Study: Invasive fist-sized treefrogs in New Orleans
NEW ORLEANS (AP) - Invasive treefrogs have established themselves in New Orleans, probably arriving on palm trees from Florida that were planted in the Audubon Zoo.
The U.S. Geological Survey says the zoo and a neighboring park have the first established population of Cuban treefrogs on the U.S. mainland outside Florida, where they've been multiplying at least since the 1950s. A study in the journal Biological Invasions says the fist-sized creatures eat smaller frogs and are a likely threat to those in a national park across the Mississippi River.
Dusty Pate is natural resource program manager at Jean Lafitte National Historical Park and Preserve. He says USGS has been checking the park's Barataria Preserve for Cuban tree frog calls since 2014. He says they're the latest among many invasive species threatening the park.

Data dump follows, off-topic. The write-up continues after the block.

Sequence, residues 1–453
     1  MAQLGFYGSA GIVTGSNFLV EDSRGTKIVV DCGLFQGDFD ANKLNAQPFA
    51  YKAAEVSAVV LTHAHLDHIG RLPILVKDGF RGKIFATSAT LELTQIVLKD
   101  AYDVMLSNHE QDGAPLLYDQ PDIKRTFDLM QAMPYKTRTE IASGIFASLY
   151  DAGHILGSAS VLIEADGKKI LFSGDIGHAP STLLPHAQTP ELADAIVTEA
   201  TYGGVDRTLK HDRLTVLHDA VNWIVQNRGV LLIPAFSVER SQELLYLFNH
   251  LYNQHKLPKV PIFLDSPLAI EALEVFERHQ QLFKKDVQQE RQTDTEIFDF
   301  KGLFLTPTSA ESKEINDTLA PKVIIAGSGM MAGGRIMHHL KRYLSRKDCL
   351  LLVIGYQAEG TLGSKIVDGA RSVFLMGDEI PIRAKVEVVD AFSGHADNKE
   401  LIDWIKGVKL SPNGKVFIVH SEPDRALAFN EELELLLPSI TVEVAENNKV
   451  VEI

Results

Desktop NewsClick to open Continuous News in a sidebar that updates in real-time.
LSU to wear uniforms saluting fallen WWI heroes Saturday
Late start at Donaldsonville schools continue
Local family struck by tragedy hope to win national Christmas-decorating contest
Scams, elder financial exploitation focus of town hall
EBRSO: Student arrested after pulling loaded gun during argument at local middle...